Introduction

Introduction

Section 1

The photo shows a purple and orange starfish on a sandy flat beach.
Nearly 97 percent of animal species are invertebrates, including this sea star (Astropecten articulates) common to the eastern and southern coasts of the United States (credit: modification of work by Mark Walz)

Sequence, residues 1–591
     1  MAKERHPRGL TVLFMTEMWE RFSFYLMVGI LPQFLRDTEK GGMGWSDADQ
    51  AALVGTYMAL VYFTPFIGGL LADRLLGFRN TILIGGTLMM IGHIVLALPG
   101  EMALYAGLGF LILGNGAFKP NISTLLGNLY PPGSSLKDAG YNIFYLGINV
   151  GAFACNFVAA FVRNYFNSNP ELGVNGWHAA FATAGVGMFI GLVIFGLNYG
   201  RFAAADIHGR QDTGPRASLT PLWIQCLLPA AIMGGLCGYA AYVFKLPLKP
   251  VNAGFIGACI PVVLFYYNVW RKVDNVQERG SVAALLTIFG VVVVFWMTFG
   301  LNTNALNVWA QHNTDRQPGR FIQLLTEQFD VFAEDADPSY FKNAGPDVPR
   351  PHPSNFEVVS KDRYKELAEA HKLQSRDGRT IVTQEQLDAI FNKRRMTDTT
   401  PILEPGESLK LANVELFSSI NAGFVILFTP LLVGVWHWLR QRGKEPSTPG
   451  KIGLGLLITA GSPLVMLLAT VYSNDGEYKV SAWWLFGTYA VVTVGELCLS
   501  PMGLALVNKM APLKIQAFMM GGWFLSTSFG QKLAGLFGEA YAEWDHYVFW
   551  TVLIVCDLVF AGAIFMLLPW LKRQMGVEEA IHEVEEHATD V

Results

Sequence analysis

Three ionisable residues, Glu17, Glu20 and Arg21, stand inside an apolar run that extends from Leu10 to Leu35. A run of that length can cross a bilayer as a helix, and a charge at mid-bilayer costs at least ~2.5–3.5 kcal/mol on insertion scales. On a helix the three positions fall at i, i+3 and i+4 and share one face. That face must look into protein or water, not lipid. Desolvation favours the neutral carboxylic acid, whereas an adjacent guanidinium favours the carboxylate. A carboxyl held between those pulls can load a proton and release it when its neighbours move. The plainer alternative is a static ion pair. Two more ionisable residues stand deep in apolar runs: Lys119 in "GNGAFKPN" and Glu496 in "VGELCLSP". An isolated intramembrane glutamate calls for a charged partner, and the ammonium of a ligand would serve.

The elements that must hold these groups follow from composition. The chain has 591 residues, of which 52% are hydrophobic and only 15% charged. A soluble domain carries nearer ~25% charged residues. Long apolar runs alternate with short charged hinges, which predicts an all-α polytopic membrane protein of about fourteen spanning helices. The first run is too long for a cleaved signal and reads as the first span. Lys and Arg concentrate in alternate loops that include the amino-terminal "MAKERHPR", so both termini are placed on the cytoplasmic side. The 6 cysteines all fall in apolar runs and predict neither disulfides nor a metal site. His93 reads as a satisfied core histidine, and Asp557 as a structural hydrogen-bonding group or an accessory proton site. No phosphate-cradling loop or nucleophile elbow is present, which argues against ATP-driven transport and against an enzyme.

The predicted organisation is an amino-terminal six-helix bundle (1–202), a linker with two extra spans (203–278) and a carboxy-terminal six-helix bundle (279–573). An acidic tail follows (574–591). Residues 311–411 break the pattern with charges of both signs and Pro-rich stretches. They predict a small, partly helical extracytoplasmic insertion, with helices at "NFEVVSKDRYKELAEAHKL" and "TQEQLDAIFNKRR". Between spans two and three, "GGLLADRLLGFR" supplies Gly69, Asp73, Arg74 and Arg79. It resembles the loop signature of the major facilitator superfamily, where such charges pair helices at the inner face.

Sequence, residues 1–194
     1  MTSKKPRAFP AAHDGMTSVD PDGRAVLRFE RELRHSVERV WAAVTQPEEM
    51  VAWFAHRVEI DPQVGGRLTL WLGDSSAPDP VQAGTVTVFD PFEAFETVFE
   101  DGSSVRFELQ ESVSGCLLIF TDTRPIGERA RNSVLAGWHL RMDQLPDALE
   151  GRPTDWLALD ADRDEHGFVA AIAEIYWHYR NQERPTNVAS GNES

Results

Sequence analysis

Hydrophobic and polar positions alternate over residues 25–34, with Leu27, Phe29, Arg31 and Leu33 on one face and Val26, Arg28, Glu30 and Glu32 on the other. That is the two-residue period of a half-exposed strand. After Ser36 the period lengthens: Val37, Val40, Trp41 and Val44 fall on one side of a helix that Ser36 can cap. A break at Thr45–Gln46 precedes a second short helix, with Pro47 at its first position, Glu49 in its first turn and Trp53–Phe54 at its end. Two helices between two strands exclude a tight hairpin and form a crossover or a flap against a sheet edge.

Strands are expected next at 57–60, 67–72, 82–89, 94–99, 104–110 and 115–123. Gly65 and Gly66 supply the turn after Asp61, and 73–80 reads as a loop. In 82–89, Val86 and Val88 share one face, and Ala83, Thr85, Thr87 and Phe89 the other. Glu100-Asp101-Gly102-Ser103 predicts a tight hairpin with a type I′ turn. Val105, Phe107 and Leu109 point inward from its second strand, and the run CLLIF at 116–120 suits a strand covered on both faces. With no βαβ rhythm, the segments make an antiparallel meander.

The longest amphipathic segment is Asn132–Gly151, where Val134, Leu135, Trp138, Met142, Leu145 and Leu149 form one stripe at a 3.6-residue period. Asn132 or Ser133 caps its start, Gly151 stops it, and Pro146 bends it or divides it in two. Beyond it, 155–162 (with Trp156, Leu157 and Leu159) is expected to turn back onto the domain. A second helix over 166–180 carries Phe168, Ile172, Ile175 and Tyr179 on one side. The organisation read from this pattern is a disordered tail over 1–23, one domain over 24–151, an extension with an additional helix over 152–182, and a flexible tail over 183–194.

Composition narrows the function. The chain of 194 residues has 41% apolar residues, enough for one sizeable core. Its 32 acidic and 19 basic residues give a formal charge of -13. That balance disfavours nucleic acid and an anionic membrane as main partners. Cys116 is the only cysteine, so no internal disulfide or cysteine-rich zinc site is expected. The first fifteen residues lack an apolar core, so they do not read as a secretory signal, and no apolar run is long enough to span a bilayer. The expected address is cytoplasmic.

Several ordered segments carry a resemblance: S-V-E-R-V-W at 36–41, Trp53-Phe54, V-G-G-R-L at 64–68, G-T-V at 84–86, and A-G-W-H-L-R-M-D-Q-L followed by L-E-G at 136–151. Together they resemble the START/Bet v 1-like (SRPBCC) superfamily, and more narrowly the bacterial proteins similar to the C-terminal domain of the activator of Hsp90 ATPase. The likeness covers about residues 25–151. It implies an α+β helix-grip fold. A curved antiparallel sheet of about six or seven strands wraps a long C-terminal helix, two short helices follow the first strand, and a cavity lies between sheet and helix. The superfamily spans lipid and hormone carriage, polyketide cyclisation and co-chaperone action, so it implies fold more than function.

A brief look at any magazine pertaining to our natural world, such as National Geographic, would show a rich variety of vertebrates, especially mammals and birds. To most people, these are the animals that attract our attention. Concentrating on vertebrates, however, gives us a rather biased and limited view of biodiversity, because it ignores nearly 97 percent of the animal kingdom, namely the invertebrates. Invertebrate animals are those without a cranium and defined vertebral column or spine. In addition to lacking a spine, most invertebrates also lack an endoskeleton. A large number of invertebrates are aquatic animals, and scientific research suggests that many of the world’s species are aquatic invertebrates that have not yet been documented.

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